Embrace It
Apr. 05, 2023
Casey Denk - President
Mondovi FFA Chapter

The first week of April is often marked with April Fools' pranks, muddy farming conditions, rain showers, warmer temperatures, and…snow? By living in Wisconsin, we automatically sign up for the season-long, all-inclusive pass for the roller coaster ride of various weather conditions. This year, Wisconsin weather told us to buckle up and hold on for one more ride to help kick off April.

This past Saturday, the University of Wisconsin-River Falls hosted our final Career Development Event of the spring. Normally, April means we are finally free of the snow or so we thought. Anyone who knows me could agree that I enjoy a good prank and often classify myself as an elite prankster. According to the weather on Saturday, Wisconsin has earned the "prankster" title as well and decided to participate in April Fool’s Day. Wisconsin started April with inches upon inches of snow and chilly temperatures. These conditions wouldn't stop our competition and couldn't hinder the optimism of our competitors or volunteers.

On Saturday, Heidi, Devani, and I decided to fight the treacherous winter conditions and head to the lab farm to inspect the poultry, livestock, and dairy competitions. While waiting for the competitions to start we found ourselves joshing with FFA members, advisors, and UWRF professors and students. There was one common trend, everyone was just happy to be there. The students didn’t mind waking up earlier than expected, the advisors didn’t mind that their commute doubled in time, and the college volunteers were fine with adding an extra jacket or pair of socks to their outfit to stay warm

One quote that has stuck with me from Saturday was from a UWRF student, who was volunteering with the dairy cattle CDE. As we were shooting the breeze, talking about how this was not how we expected the day to go, she laughed and said, “Ahhh, we’re just embracing it.” At that moment, I realized this mindset was how all our competitors, teachers, and volunteers felt. This was how everyone was able to find optimism and joy during these unpredictable conditions. Throughout the rest of our year, let's work to embrace the opportunities we are presented with. They might not all come to us in the same way or at the best time, but if we work to find the light in all the situations we are presented with, we will experience better outcomes because of it.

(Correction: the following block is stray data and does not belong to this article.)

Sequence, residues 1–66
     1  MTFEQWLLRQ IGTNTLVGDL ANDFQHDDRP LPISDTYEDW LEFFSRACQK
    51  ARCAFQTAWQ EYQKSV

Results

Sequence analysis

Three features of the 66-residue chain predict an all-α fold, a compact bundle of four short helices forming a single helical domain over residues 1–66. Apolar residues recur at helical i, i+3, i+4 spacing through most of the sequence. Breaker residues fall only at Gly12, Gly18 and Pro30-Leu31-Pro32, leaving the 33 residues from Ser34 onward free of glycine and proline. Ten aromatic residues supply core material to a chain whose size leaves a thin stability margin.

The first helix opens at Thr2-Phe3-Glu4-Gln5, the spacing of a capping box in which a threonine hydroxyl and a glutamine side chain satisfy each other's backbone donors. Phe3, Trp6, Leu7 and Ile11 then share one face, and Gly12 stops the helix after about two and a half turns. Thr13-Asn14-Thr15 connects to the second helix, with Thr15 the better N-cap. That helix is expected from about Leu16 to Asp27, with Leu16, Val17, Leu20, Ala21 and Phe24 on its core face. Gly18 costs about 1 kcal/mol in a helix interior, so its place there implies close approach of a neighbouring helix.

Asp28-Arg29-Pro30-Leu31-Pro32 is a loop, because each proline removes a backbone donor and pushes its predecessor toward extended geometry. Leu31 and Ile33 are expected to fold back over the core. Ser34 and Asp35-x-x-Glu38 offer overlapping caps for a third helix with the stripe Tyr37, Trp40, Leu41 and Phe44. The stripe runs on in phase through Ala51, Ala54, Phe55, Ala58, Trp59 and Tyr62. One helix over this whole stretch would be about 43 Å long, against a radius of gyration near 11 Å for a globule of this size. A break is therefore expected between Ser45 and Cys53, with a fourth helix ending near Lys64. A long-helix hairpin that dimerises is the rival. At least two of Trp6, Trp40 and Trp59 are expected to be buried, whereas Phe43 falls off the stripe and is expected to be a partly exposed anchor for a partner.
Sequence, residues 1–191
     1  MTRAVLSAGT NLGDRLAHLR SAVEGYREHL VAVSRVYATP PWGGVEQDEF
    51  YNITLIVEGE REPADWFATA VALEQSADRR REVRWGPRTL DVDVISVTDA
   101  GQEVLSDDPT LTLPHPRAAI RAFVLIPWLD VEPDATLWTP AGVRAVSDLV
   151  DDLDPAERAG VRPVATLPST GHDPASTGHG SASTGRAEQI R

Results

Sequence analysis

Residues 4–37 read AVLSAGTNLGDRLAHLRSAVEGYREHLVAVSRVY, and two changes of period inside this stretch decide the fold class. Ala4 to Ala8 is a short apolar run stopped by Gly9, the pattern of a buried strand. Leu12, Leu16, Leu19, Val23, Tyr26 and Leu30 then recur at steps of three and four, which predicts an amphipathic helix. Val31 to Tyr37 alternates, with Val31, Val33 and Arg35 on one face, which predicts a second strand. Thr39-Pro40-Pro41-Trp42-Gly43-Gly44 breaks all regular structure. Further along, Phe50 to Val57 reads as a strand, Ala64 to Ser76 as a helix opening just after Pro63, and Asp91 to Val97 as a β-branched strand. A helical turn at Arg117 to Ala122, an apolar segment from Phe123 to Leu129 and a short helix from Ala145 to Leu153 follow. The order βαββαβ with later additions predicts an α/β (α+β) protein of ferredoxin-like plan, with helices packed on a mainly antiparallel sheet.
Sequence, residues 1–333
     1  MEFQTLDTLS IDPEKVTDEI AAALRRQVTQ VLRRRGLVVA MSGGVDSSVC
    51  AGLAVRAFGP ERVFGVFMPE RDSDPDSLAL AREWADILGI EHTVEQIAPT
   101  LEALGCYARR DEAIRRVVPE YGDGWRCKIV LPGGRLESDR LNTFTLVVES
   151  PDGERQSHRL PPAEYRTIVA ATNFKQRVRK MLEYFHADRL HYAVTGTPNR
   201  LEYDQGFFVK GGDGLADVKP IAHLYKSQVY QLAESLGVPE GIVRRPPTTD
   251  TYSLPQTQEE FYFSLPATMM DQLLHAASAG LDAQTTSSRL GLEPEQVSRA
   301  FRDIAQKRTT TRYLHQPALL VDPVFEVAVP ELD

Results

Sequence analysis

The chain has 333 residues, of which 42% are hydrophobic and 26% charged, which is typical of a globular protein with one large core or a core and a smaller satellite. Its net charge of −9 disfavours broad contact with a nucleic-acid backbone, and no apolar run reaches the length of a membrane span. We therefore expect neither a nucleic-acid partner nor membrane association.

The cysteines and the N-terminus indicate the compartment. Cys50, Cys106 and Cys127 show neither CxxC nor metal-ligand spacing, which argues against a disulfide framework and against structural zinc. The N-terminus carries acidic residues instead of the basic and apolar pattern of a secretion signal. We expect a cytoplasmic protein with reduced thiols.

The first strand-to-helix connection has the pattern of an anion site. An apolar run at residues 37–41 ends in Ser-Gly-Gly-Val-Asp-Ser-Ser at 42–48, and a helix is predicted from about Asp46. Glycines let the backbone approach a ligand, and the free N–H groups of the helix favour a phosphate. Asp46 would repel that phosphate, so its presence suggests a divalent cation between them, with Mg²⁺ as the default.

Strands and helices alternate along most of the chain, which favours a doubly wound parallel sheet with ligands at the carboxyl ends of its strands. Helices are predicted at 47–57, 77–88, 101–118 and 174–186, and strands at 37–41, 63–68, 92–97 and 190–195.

Let’s embrace the rest of our year,
Casey J. Denk

A Good Time to Reset
Apr. 04, 2023
Isaac Hopke - Secretary
Spooner FFA Chapter
Section 1

As we continue through the spring with chaotic weather and busy FFA, sports, and outdoor lives, it is quite easy to get into a groove of a somewhat pessimistic lifestyle. Things start to get a little too normal, and the glamor begins to fade as spring starts teasing us for the novelty of summer. Oftentimes, we begin to fall into the trap of just wanting to be done with another school year, to get the summer tan, or simply to just live our own lives. Although everything we are looking forward to is great, this is not quite the best example of living in the moment.

Throughout this year so far, several of the state officer’s travel blogs have described the importance of living in the moment. Although we preach this fact, we are all still human and sometimes we also fall into similar situations of the absolute desire of novelty. However, if we start to understand this better and remember the importance of the present, it's possible to become a bit overwhelmed with the difficulty to enter into a healthier mindset and lifestyle. But, I’d like to propose that it might not be as difficult as it may appear to get into our good mindset.

For a better mindset, we must understand how to do a sort of “reset” with our life. For every person this will be different. To reset, one could do a variety of things. As long as these actions break our current habits and provide us with some sort of mind clearing, they can help break the trap we fall into. Personally, things like a cold shower, putting my phone away for a day, or reflecting for a longer period of time help me to start a little process of resetting my mindset.

After allowing our minds to reset and seeing what we want to change, we can then begin to take the necessary steps to becoming more optimistic, positive, healthy, and productive. We have to then take a look at ourselves and come up with some specific and well thought out goals in order to continue to stay in a present mindset.

As our busy year starts to wrap up and the exciting summer approaches, I challenge you to discover your own resetting mechanism so that you can finish this year out just as strong, if not stronger, as you started it. Remember, we’re all human and all in this together including the people we look up to!